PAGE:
Maintenance and Repairs

February 2, 2022 Published by Toronto and Area Chapter - By Dene Cousins

Winterizing Condos: A Manager’s Checklist

From the Winter 2021 issue of CCI Toronto Condovoice Magazine, Volume 26, Issue Number 2

The Fall Season Brings an Entire New Set of Chores and Challenges for all Property Managers

So… here you are finally breathing a sigh of relief. All the summer chores are done – window washing, garage cleaning, landscape upgrades, painting, roofs, eaves, caulking –YES!... all those labour intensive outside repairs done and dusted for another year… and NOW the fall season brings an entire new set of chores and challenges for all property managers… if you’re a seasoned manager, you likely have most of your fall chores done… but here’s a checklist just to be sure you’ve got it covered and can safely book that week at the time-share in Boca…

Where to start with the checklist?

Changeover from Cooling to heating – the Great Debate

Dear Condo Guru:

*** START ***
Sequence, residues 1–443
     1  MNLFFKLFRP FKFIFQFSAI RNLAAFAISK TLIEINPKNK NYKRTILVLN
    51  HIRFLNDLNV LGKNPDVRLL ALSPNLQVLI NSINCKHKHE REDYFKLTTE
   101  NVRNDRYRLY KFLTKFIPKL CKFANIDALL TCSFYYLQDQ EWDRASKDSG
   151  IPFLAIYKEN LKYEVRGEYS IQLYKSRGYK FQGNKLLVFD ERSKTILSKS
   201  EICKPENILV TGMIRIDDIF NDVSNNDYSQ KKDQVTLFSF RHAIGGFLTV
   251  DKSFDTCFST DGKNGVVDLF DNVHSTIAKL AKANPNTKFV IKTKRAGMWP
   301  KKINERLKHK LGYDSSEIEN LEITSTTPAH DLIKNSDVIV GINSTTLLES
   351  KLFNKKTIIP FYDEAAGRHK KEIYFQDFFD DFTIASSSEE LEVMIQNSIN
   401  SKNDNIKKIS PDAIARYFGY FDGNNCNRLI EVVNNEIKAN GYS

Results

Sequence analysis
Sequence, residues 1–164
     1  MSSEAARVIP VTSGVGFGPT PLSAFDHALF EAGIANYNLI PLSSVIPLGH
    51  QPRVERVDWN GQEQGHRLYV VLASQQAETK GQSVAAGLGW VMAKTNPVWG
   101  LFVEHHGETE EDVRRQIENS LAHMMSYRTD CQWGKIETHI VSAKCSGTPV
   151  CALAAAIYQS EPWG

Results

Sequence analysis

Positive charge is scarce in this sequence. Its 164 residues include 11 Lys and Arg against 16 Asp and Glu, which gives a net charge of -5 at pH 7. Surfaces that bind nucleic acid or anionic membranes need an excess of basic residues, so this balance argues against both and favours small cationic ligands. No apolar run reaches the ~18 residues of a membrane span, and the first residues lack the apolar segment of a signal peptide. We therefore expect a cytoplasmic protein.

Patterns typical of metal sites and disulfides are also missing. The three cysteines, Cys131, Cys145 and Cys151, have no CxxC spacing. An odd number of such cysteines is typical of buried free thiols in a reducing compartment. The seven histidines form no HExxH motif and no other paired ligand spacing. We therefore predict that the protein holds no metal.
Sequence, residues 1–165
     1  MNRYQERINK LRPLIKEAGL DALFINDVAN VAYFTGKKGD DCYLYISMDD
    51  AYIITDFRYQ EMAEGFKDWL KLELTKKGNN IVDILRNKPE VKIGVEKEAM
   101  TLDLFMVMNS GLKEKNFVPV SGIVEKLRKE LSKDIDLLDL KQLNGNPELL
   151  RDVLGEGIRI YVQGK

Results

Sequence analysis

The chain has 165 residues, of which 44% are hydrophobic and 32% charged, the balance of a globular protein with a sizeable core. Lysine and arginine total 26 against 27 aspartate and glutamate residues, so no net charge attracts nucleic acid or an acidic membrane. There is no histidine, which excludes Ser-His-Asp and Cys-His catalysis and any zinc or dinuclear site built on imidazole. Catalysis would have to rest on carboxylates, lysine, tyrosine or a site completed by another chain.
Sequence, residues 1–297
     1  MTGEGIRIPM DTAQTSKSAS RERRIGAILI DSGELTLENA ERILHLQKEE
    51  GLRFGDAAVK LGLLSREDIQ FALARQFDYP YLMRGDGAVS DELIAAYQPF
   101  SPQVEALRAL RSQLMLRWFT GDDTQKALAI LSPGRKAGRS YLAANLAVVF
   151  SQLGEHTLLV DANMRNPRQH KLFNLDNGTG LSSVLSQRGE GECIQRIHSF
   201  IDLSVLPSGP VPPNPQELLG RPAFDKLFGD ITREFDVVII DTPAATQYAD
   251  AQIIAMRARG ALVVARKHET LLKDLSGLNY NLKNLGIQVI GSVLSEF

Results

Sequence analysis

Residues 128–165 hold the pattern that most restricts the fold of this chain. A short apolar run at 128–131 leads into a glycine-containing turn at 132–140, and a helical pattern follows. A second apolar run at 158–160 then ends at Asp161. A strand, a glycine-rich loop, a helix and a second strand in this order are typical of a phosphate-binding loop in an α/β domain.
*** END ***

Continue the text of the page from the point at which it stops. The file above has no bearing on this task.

It happens every fall and spring ... The people on the sunny side of my building are too hot... the people on the shady side are too cold... Everyone thinks I’m doing this on purpose... please send help... I’d love to change their life with the flick of a switch but there’s a little more to it than that!

Picking the dates seems to get more difficult every year. Climate change is happening, creating unpredictable swings in temperature from one day to the next. Historical change-over dates are not necessarily relevant. The scientific approach is to rely on weather forecasts and set the dates based on average low nighttime temperatures. But this year that was an up and down number for weeks. Some buildings even survey residents for their opinions. My advice is to take a personal approach with a survey that includes owners in suites in key locations (sunny side, shady side, on the top, mid and low floors), consult the HVAC contractor for each building, suggest dates to your board and announce it to owners and residents. And be polite when you respond to those nasty emails.

Now – the site itself. I have included suggestions for both multi-storey and townhouse properties.

Let’s take it from the top.

Roof top mechanical installations:
Confirm that the contractor has properly shut down the chiller and drained it and/ or the cooling tower…and inspected the make- up air unit and mechanical bunkhouse structure for deterioration of the exterior or the caulking at the base.